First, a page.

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Author Topic: Feb. 12, 2009 - BICENTENNIAL OF CHARLES DARWIN'S BIRTH  (Read 465 times)
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« on: February 07, 2009, 11:25:24 am »

                                                     Darwin Bicentennial Series Continues

updated January 9, 2009

BOONE – Appalachian State University continues its event-packed celebration of the 200th anniversary of Charles Darwin’s birth and the 150th anniversary of the publication of his book, "On the Origin of Species," during the spring semester of the 2008-09 academic year with a series of lectures, films, music, art and theatre events focusing on Darwin’s ideas and their impact on society, and his theory of evolution.

The presentations are sponsored by the Office of Academic Affairs, University College, College of Arts and Sciences, University Forum Committee, and the Darwin Bicentennial Celebration Committee. Additional support for the series has been provided by the Joan Askew Vail Distinguished Lectureship Endowment and the Morgan Lecture Series in the Sciences.


Edward Larson will present a lecture titled “The Scopes Trial in History and the Theatre” at 8 p.m. Jan. 22 in Farthing Auditorium. Larson holds the Hugh and Hazel Darling Chair in Law and is University Professor of History at Pepperdine University and recipient of the 1998 Pulitzer Prize in History. He served as Associate Counsel for the U.S. Congressional Committee on Education and Labor (1983-87) and as an attorney with a major Seattle law firm (1979-83) and retains an appointment at the University of Georgia, where he has taught since 1987.

Michael Ruse will present “Darwin at Two Hundred Years Old: Does He Still Speak to Us?” at 8 p.m. Feb. 2 in Farthing Auditorium. Ruse is the Lucyle T. Werkmeister Professor of History and Philosophy of Science at Florida State University and the foremost philosophical scholar on the relationship between evolution and science. He is the author of Can a Darwinian Be a Christian?

On Feb. 10, Jim Costa, director of the Highlands Biological Station at Western Carolina University, will discuss “Charles Darwin and the Origin of the Origin.” The talk is scheduled for 8 p.m. in the Broyhill Inn’s Powers Grand Hall. Costa is a noted Darwin scholar and evolutionary ecologist, as well as author of a soon-to-be-released "Darwin Line by Line: The Living Origin," an annotated version of On the Origin of Species. He will discuss how Darwin came to write the Origin.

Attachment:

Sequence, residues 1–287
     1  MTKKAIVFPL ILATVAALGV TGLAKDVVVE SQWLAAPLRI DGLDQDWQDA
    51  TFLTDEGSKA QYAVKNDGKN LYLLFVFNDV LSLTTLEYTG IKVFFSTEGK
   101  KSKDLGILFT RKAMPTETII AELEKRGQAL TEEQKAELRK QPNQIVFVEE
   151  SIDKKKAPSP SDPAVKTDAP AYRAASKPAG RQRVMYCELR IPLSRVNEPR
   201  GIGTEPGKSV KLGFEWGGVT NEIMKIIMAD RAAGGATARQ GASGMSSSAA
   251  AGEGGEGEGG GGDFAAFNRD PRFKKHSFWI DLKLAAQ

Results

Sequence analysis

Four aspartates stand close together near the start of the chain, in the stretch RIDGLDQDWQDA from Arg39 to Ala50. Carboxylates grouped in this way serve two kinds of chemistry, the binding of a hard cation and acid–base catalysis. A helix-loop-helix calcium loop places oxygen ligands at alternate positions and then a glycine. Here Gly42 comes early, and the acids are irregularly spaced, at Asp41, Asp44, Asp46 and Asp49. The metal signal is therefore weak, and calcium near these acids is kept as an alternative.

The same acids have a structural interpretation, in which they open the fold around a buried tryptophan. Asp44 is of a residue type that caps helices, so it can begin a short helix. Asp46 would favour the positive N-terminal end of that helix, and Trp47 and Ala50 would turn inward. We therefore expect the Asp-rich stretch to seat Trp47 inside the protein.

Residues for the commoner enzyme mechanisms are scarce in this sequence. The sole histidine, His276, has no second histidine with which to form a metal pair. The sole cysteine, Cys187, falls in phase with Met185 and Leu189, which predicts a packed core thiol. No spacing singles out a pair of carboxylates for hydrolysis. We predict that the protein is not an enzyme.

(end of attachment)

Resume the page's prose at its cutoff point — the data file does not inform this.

Sean Carroll presents “Into the Jungle: The Epic Search for the Origins of Species and the Discoveries that Forged a Revolution” at 8 p.m. Feb. 24 in Farthing Auditorium. Carroll is a professor of molecular biology, genetics, and medical genetics at the University of Wisconsin–Madison and also a Howard Hughes Medical Institute Researcher. He is the author of several popular books on evolution, including the upcoming Remarkable Creatures: Epic Adventures in the Search for the Origins of Specie. Carroll will be host of a PBS “NOVA” special about Darwin and evolution, which will be shown nationally this spring. Carroll is the speaker for this year’s Morgan Distinguished Lecture Series in the Sciences.

Paul Ewald from the University of Louisville’s Department of Biology will present a lecture at 8 p.m. March 17 in the Broyhill Inn’s Powers Grand Hall. His presentation is entitled “Darwinian Insights into the Causes and Prevention of Cancer.” Ewald is noted for his theories regarding the co-evolution of humans and disease organisms. He argues in his book Plague Time that many diseases attributed to environmental stresses may actually be caused by bacteria or viruses instead.

Pulitzer Prize-winning author Jonathan Weiner will speak on “The Beak of the Finch: A Story of Evolution in Our Time” at 8 p.m. March 26 in the Blue Ridge Ballroom of Plemmons Student Union. Weiner is a professor in Columbia University’s Graduate School of Journalism. His Pulitzer Prize-winning book The Beak of the Finch, profiled the research of the husband/wife team Peter and Rosemary Grant as they carried out extensive studies of evolution on Darwin’s finches in the Galapagos Islands.

Elisabeth Lloyd from Indiana University’s Department of History and Philosophy of Science will present the lecture “Darwinian Evolution and the Female Orgasm: Explanations and Puzzles” at 8 p.m. April 2 in the Blue Ridge Ballroom of Plemmons Student Union. Lloyd is a leading historian and philosopher of science and author of several books on these subjects.

Niles Eldredge, curator at the American Museum of Natural History, will speak on “Darwin, the Beagle and the Origin of Modern Evolutionary Biology” at 8 p.m. April 6 in Farthing Auditorium. Eldredge, along with his colleague, the late Stephen J. Gould, co-authored the seminal paper on punctuated equilibrium which emphasized that evolutionary change was not constant through time. He is also author of more than a dozen scientific books for the public, including Darwin: Discovering the Tree of Life, a new analysis of how Darwin came to write On the Origin, based largely on Darwin’s original notes and writings.

All lectures are free and open to the public.
« Last Edit: February 07, 2009, 11:29:50 am by Bianca » Report Spam   Logged

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